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4 posts tagged with halo and machinima. (View popular tags)
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Halo: Fandom Evolved

Contrary to a lot of idle criticism, Bungie's Halo series of video games has a surprisingly rich backstory -- a universe complex enough to support seven bestselling novels, a wiki with over 7,000 articles, and one of the most successful ARGs in history (including a full-fledged radio drama). The series has also turned out sweeping audiovisual work, from the games' cinematic cutscenes and epic music (lots of free previews) to top-shelf anime and the Hollywood-quality short films -- ODST, Believe, Deliver Hope, Landfall -- that were made to promote the games (the latter of which, produced by Neil Blomkamp, inspired District 9). And that's apart from all the material produced by Bungie's dedicated fan base: genuinely hilarious machinima from Red vs. Blue, professional-level graphic novels (table of contents at the top), gorgeous artwork, hours of recorded dialogue, complete transcripts of hidden apocrypha, and more factual analysis, story speculation, and casual discussion than you can shake an energy sword at. But most of these pale in comparison to the latest and greatest exercise in Halo beanplating: the Svmma Canonica, a 40-page, 17,000-word formal treatise on the nature of canon in the world that Bungie built, and how it will fare once Bungie moves on and the franchise is managed by 343 Industries. Discussion over at Bungie's official site, or at decade-old fan forum Halo.Bungie.Org.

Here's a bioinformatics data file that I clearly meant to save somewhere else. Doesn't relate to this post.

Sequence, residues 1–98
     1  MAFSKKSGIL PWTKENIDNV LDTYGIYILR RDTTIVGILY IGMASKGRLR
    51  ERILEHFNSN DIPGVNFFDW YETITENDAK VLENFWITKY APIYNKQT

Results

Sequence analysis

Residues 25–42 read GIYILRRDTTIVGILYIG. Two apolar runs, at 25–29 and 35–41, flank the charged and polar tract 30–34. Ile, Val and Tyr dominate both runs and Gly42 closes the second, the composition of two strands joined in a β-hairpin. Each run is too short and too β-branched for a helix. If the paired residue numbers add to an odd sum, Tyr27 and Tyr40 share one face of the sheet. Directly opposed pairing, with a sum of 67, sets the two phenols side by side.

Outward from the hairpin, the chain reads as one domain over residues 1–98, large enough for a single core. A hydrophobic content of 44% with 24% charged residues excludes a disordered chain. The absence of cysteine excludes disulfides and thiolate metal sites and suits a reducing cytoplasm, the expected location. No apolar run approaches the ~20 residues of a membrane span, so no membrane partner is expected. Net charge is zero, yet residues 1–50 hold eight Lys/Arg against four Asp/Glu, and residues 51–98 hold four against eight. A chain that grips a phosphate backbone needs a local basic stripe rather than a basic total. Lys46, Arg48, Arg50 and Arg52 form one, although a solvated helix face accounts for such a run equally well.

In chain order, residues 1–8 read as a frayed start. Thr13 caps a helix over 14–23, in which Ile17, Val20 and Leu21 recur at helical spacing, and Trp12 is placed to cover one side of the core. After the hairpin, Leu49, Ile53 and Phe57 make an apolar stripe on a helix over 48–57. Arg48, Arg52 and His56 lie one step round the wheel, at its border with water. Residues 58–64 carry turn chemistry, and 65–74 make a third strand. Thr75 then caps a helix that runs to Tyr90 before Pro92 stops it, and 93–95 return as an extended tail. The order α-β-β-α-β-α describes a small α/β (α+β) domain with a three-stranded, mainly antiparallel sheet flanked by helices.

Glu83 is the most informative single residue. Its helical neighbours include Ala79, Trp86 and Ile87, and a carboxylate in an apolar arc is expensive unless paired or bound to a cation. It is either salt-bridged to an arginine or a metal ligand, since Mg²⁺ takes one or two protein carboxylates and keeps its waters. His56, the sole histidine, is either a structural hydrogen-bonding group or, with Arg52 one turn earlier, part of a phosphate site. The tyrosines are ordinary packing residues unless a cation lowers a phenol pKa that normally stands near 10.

posted by Rhaomi on Jan 31, 2011 - 71 comments

First!

"Wow, a new user... That's Great! We'd be happy to show you the ropes!" a PSA on conversation starters in forums and comment threads online that have never been heard or used before. Brought to you by Red Vs. Blue.
posted by Del Far on Jun 25, 2008 - 18 comments

We cannot see Mrs. B.J. Smegma

Halo meets Monty Python (youtube). Monty Python's "How not to be seen" done in Halo. Or try, The Codex for more fun with the Halo engine. Previous Halo machinima post.
posted by papakwanz on Nov 29, 2006 - 8 comments

We aren't always fighting

This Spartan Life, a Halo talk show. A nice example of Machinima, using game engines in unexpected ways. Some, like the folks behind Red vs. Blue or The Strangerhood, make long running series, others recreate movie scenes, and some people just like playing with the environment.
posted by Gamblor on Aug 22, 2005 - 10 comments

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